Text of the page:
CINCINNATI -- Three Reds players used pink bats in Sunday's 4-1 victory against the Rockies: center fielder Billy Hamilton, second baseman Brandon Phillips and catcher Tucker Barnhart.
Hamilton was particularly effective with his bat, dropping down a perfect bunt single to lead off the game (and advancing to third on an error), and later driving a triple to the right-center-field gap in the seventh inning.
Pink shoes, wristbands and bats were worn by many players as part of Major League Baseball's Going to Bat Against Breast Cancer initiative.
Reds starting pitcher Homer Bailey actually received pink shoes from two shoe companies for the Mother's Day game. Because Bailey could not wear both at the same time, he gave one pair to Hall of Fame sportswriter Hal McCoy and asked McCoy to wear them in the press box Sunday.
Mesoraco may rejoin Reds in Philadelphia
CINCINNATI -- Reds manager Bryan Price said Sunday he was hopeful injured catcher Devin Mesoraco would be able to rejoin the team by the end of the week.
Mesoraco, sidelined since April 26 by a strained left hamstring, simulated running the bases on the indoor track behind the Reds dugout Saturday at Great American Ball Park. Price said Mesoraco's running received "very good reviews" Sunday and that he should be able to begin a Minor League rehabilitation assignment early this week. Triple-A Louisville is at home Monday, and Class A Dayton is at home Monday through Wednesday.
"He has a chance to make the road trip," Price said, referring to Cincinnati's six-game swing through Philadelphia and Washington that begins Friday.
Mesoraco has hit .468 in 47 at-bats between two stints on the disabled list.
Another injured Reds player, No. 2 starter Mat Latos, threw a bullpen session prior to Sunday's game against Colorado. Latos has been dealing with the setback of a flexor mass strain in his right forearm and has yet to pitch this season.
Hamilton makes presence felt in return vs. Rox
CINCINNATI -- Billy Hamilton was back in the starting lineup Sunday, the first time Cincinnati's center fielder had occupied his spot atop the Reds' batting order in more than a week.
Hamilton sprained two knuckles on his left hand diving for a ball in the outfield during the first inning of a May 1 game against Milwaukee.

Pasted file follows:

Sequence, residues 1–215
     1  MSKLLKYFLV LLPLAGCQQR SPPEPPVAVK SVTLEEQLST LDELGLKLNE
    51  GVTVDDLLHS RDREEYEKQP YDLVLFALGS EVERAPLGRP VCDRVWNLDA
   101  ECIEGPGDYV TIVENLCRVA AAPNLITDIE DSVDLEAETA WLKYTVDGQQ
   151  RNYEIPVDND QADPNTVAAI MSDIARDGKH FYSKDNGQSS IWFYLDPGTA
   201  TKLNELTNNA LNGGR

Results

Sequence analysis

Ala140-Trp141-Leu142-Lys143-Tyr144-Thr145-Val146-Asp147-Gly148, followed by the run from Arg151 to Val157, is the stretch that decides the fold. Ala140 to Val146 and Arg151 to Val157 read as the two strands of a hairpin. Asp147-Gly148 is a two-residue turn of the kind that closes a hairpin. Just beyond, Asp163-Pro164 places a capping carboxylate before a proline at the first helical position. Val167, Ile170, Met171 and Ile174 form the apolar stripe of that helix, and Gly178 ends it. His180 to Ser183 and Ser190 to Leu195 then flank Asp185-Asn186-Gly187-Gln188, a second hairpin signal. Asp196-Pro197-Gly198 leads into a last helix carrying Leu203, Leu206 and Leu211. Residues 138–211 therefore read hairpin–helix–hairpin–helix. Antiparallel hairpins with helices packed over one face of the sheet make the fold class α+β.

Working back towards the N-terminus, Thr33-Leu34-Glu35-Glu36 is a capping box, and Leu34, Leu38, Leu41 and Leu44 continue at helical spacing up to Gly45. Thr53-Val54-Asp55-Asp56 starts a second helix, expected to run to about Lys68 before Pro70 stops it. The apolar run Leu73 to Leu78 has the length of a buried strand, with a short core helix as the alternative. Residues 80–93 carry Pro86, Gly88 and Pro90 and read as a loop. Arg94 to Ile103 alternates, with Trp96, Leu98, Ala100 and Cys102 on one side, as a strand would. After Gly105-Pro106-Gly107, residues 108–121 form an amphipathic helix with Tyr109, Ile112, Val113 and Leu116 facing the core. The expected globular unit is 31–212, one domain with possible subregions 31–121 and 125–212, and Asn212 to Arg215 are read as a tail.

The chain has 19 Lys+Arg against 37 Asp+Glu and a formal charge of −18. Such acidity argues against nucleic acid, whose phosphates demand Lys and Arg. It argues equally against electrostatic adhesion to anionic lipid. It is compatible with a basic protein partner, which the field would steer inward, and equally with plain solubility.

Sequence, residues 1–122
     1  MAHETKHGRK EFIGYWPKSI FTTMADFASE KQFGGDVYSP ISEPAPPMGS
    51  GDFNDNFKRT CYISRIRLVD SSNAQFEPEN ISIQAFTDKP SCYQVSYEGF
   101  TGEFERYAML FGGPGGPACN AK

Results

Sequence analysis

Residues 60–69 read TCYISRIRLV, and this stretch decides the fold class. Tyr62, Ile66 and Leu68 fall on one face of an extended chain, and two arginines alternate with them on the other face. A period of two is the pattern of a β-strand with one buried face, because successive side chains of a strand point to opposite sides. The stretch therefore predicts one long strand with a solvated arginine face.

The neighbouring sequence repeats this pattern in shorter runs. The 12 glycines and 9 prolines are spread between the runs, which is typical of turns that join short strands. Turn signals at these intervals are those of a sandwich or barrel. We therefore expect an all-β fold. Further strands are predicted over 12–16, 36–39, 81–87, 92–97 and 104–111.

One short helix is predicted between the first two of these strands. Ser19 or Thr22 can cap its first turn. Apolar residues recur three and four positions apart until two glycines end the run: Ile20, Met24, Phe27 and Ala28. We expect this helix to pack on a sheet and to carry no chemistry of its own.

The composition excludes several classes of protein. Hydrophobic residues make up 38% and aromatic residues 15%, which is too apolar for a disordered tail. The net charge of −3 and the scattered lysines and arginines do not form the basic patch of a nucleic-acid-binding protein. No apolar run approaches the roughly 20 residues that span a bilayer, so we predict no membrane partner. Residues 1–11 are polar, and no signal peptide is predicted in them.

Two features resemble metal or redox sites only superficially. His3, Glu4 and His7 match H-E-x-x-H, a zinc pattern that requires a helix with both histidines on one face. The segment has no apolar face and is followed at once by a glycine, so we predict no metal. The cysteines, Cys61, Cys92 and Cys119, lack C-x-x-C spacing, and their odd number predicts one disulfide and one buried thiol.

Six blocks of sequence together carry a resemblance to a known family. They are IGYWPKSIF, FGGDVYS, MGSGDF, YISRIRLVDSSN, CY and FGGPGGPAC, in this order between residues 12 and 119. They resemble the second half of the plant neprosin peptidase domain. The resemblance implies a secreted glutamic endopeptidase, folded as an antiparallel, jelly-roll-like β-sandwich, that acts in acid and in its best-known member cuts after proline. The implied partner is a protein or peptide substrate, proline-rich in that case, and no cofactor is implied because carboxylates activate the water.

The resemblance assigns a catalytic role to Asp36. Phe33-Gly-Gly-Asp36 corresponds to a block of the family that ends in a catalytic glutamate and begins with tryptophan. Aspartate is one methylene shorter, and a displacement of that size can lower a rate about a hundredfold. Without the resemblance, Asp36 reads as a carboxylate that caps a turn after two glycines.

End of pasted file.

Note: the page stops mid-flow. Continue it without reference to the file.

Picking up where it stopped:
"He has been able to take batting practice only during the last two days," Reds manager Bryan Price said before the Reds' 4-1 victory against the Rockies. "They were really his first regular swings since the injury."
The speedy rookie appeared healthy enough Sunday, stealing his 12th base in 32 games, belting a triple to the right-center-field gap, and leading off the game with a bunt single on which he advanced to third thanks to a Colorado error.
Though out of the lineup, Hamilton had been used sporadically as a pinch-runner and defensive replacement, and he contributed a pinch-hit double Friday night against Colorado.
Reds fans honored in battling breast cancer
CINCINNATI -- Mike Shroder and Patty Stump know how rare their stories are. That's why they take advantage of any opportunity to talk about their battles with breast cancer.
"We want to get the message out there," Stump said.
Shroder and Stump, of Mason, Ohio, a married couple who are both breast cancer survivors, were named Reds Honorary Bat Girls for Sunday's Mother's Day game against Colorado.
"We prefer, 'Bat Couple,'" Stump said with a chuckle.
Shroder received a diagnosis of breast cancer in 2006. About a year later, Stump also battled breast cancer. After four cancer-free years, she received a cancer diagnosis once again in 2011. Treatment plans were successful for both, and both have recovered to the degree that they are able to work as volunteers and fundraisers for the Susan G. Komen Foundation.
"Our daughter signed us up for the Komen Walk the first year after my first diagnosis," Stump said. "Since then, we've done everything we can to help. We know that early detection plays such a big part, and we want others to be aware of that."
Only about 1 percent of all breast cancer cases in the U.S. occur in men, according to the Komen Foundation. According to the American Cancer Society, about 430 men will die from breast cancer in 2014.
"The [men] I know take it pretty seriously," Shroder said.
Both are big Reds fans. Shroder said he was a former season-ticket holder. The television sets at West Shore Pizza, their business in Mason, are always tuned to the Reds when the games are on, they said.
Shroder and Stump were nominated by 2013 Honorary Bat Girl Josie Shuler for the program Major League Baseball has sponsored since 2009.
"Word spread among our family and friends and via social media," Stump said. "We were really happy people voted for us. Being here [Great American Ball Park] is very exciting."
Going to Bat Against Breast Cancer is a Major League Baseball initiative sponsored by charitable partners Stand Up to Cancer and the Susan B. Komen Foundation.
• The Reds have not been charged with an error since May 2. Cincinnati came into Sunday's game with the best fielding percentage (.991) and fewest errors (12) of any team in the Major Leagues.
• Cincinnati third baseman Todd Frazier hit a solo home run Sunday, extending his hitting streak to a career-high 11 games.
• Saturday's 11-2 loss to Colorado marked the first time a Reds starting pitcher had been charged with more than three earned runs in a game since April 26.
Andy Call is a contributor to MLB.com. This story was not subject to the approval of Major League Baseball or its clubs.